pad_to_multiple_of_length¶
- satella.coding.transforms.pad_to_multiple_of_length(seq: Appendable[T], multiple_of: int, pad_with: T | None = None, pad_with_factory: Callable[[], T] | None = None) Appendable[T] ¶
Make sequence multiple of length, ie. append elements to the sequence until it’s length is a multiple of multiple_of.
- Parameters:
seq – sequence to lengthify
multiple_of – sequence returned will be a multiple of this length.
pad_with – argument with which to pad the sequence
pad_with_factory – a callable/0 that returns an element with which to pad the sequence
- Returns:
a list with elements
split_shuffle_and_join¶
- satella.coding.transforms.split_shuffle_and_join(entries: ~typing.List[~satella.coding.typing.T], whether_to_shuffle: ~typing.Callable[[~satella.coding.typing.T], bool] = <function <lambda>>, not_shuffled_to_front: bool = True) List[T] ¶
Split elements in entries into two groups - one group, called True, is the one for which whether_to_shuffle(elem) is True, the other is False.
Shuffle the group True.
If not_shuffled_to_front, elements in the group False will go at the beginning of the returned list, after which will go elements shuffled. If it’s False, the not-shuffled elements will be at the back of the list.
Order of the not shuffled elements will be preserved.
- Parameters:
entries – list of elements
whether_to_shuffle – a decider to which group does given element belong?
not_shuffled_to_front – if True then not shuffled elements will be put before shuffled, else the not shuffled elements will be at the back of the list
- Returns:
list altered to specification
one_tuple¶
- satella.coding.transforms.one_tuple(x: Iterable[T]) Iterator[Tuple[T]] ¶
Change a sequence of iterables into a sequence that displays each element as a part of one-element tuple. Essentially syntactic sugar for:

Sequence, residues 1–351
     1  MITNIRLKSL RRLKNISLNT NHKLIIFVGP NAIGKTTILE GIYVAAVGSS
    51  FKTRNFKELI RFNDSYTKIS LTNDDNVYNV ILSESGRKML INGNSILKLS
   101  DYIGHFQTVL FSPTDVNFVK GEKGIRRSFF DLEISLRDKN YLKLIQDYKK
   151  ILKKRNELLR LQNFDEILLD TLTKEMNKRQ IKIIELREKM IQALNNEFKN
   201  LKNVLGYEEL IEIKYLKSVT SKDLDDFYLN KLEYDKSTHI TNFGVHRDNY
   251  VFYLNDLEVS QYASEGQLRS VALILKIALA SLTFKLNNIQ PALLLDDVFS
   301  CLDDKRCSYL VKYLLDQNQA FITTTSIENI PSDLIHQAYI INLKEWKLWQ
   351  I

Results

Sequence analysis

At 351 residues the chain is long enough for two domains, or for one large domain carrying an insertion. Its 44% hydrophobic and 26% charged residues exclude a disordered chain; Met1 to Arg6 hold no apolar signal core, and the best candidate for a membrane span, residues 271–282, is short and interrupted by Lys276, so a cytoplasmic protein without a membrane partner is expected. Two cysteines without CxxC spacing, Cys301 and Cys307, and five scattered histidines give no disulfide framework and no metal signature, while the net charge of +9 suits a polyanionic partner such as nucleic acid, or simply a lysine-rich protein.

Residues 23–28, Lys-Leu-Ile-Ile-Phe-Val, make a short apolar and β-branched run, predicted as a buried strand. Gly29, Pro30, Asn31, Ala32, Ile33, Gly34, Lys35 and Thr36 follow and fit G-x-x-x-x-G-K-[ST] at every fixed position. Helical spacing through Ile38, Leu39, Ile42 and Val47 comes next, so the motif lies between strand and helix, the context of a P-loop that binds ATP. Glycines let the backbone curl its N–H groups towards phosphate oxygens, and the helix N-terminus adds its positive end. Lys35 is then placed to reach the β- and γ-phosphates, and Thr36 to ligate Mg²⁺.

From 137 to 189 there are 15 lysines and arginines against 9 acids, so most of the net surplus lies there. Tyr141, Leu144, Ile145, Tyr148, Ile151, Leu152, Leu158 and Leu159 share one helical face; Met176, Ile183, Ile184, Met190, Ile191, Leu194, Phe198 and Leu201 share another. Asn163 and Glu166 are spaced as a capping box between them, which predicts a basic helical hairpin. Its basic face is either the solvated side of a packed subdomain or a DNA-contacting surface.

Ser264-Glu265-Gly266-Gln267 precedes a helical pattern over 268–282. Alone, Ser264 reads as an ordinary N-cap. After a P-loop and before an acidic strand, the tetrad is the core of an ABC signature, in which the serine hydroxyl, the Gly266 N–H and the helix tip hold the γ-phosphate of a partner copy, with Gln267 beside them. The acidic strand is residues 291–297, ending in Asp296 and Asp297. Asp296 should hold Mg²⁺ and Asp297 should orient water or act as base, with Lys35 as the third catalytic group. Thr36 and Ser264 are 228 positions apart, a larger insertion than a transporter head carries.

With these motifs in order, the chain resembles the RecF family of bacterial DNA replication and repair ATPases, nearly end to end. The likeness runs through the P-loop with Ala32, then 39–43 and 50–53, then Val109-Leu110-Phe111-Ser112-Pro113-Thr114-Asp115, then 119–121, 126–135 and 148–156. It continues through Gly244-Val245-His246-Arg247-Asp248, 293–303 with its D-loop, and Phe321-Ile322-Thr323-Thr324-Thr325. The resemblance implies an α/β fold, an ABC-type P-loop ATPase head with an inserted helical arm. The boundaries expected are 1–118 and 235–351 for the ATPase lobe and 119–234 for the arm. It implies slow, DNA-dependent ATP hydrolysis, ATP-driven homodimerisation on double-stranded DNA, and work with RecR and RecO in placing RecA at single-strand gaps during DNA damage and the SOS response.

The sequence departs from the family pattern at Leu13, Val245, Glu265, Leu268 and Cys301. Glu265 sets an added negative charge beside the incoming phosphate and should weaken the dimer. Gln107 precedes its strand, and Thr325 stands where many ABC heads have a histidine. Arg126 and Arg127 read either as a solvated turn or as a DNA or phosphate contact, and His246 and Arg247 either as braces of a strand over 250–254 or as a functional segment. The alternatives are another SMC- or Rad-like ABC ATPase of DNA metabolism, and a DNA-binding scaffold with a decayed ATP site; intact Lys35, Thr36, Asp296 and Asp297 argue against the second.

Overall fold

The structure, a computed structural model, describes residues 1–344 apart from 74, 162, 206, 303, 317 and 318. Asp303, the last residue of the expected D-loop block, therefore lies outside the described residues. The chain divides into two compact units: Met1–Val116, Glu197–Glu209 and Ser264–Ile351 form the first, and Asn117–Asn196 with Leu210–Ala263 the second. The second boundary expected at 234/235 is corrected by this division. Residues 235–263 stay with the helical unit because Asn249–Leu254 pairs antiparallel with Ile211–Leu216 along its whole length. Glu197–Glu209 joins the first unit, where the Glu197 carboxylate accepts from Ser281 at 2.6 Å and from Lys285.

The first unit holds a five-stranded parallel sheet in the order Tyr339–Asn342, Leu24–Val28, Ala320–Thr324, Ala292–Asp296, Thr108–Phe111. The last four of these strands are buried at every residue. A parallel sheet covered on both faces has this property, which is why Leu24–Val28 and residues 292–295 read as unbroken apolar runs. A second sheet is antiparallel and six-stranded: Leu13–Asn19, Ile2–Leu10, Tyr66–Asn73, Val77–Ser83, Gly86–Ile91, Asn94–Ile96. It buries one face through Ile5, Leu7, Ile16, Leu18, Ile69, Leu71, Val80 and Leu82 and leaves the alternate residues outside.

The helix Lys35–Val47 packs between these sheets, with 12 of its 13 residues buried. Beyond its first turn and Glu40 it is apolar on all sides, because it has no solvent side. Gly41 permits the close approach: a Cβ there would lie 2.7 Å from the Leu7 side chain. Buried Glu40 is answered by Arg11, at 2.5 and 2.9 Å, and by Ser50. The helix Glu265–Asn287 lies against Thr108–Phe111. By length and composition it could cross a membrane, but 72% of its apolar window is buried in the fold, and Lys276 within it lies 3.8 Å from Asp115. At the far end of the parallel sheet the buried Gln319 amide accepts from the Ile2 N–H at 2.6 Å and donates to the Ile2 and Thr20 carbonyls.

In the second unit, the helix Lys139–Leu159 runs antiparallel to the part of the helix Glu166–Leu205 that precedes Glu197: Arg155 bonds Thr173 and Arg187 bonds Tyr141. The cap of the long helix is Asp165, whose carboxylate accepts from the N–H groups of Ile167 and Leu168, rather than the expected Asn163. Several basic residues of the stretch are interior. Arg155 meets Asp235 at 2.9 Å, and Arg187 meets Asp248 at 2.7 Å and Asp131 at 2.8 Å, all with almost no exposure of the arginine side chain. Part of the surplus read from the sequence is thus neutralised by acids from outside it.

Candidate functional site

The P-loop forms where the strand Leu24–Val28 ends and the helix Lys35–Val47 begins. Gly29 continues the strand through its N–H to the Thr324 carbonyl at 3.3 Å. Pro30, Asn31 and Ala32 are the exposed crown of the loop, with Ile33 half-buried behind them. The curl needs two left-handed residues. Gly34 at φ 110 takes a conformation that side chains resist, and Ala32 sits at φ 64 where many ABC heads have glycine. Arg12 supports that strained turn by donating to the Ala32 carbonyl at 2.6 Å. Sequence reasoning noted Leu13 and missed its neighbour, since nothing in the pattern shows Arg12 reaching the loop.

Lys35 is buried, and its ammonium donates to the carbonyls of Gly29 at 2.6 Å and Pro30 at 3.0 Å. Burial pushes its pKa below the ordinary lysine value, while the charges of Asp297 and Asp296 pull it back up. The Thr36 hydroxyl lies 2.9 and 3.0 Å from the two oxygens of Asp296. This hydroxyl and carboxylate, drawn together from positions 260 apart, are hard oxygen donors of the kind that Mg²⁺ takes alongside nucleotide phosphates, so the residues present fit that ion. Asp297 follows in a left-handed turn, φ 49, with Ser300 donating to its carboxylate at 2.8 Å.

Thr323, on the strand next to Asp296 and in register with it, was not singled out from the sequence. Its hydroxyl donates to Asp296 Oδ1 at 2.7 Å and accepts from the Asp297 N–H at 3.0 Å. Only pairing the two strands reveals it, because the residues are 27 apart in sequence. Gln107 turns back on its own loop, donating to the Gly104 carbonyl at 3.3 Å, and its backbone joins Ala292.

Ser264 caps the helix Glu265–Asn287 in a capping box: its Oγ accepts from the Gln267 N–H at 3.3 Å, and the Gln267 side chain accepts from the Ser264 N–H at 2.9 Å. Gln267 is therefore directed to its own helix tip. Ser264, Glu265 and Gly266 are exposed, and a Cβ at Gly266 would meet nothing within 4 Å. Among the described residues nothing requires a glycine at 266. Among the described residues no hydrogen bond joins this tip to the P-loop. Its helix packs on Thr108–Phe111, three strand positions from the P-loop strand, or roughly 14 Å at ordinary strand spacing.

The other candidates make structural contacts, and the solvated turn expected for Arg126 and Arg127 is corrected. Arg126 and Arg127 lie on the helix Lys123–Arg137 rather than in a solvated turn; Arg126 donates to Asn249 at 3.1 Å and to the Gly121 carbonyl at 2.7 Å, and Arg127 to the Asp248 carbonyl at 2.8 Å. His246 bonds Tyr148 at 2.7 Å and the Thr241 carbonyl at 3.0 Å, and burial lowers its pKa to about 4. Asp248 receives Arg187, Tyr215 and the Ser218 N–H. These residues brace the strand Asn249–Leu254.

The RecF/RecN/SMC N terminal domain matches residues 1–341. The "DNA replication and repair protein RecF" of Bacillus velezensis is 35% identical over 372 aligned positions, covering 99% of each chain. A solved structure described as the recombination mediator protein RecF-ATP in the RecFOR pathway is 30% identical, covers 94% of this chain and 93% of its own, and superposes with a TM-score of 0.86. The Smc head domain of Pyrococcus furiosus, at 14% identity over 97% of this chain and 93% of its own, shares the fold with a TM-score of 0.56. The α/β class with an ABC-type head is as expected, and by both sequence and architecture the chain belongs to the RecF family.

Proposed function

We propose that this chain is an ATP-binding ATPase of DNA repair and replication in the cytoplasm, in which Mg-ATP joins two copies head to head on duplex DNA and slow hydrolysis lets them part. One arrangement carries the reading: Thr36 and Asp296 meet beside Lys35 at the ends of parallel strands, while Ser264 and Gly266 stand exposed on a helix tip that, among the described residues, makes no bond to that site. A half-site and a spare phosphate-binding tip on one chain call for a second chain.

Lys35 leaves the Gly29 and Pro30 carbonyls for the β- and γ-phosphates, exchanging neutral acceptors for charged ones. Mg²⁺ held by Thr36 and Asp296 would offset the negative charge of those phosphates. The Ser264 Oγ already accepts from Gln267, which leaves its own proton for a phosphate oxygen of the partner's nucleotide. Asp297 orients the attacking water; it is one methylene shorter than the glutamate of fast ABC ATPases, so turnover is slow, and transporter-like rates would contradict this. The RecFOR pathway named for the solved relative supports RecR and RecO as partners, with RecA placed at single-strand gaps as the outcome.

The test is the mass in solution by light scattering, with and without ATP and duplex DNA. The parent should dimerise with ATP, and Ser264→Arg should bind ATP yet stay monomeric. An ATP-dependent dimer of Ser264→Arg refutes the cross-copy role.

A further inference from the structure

>>> for z in x: >>> yield z,
- Parameters:
x – sequence to tupleify
- Returns:
a iterator of one-element tuples
stringify¶
Make both keys and values (if dict), values (if list) or make an object a string by passing them through stringify function.
- satella.coding.transforms.stringify(obj: ~typing.Any, stringifier: ~typing.Callable[[~typing.Any], str] = <class 'str'>, recursively: bool = False, str_none: bool = False) List[str] | Dict[str, str] | str ¶
Stringify all object:
- ie. if a dict, put every item and key (if a dict is given) through stringify.
if a list, put every item through stringify else just call stringify on it.
Note that if you use recursively, then dicts and lists are allowed to be valid elements of the returned representation!
Note that enums will be converted to their labels. eg:
>>> class Enum(enum.Enum): >>> A = 0 >>> assert stringify(Enum.A) == 'A'
- Parameters:
obj – a list or a dict
stringifier – function that accepts any arguments and returns a string representation
recursively – whether to recursively stringify elements, ie. stringify will be called on all the children
str_none – whether to return None if given a None. If True, “None” will be returned instead
- Returns:
stringified object
clip¶
- satella.coding.transforms.clip(v: int | float, minimum: int | float, maximum: int | float) int | float ¶
Clip v so it conforms to minimum <= v <= maximum
- Parameters:
v – value to clip
minimum – minimum
maximum – maximum
- Returns:
clipped value
merge_series¶
- class satella.coding.transforms.merge_series(*series: Iterator[Tuple[float, Any]])¶
A merger for multiple sequences that return (timestamp, value).
This will behave as a single-use iterator and return (timestamp, value1, value2, …)
- Raises:
ValueError – one of the given series was empty
- advance(i: int) None ¶
- Parameters:
i – timestamp to advance to
- Raises:
ValueError – given series was empty
- assert_have_timestamps() None ¶
Assert that self.timestamps is not empty, or raise StopIteration if it can’t be filled in
- assert_preloaded(for_ts: int) bool ¶
Assert every next preloaded value can at least report for for_ts
- Parameters:
for_ts – timestamp to report for
- Returns:
whether every value can report for for_ts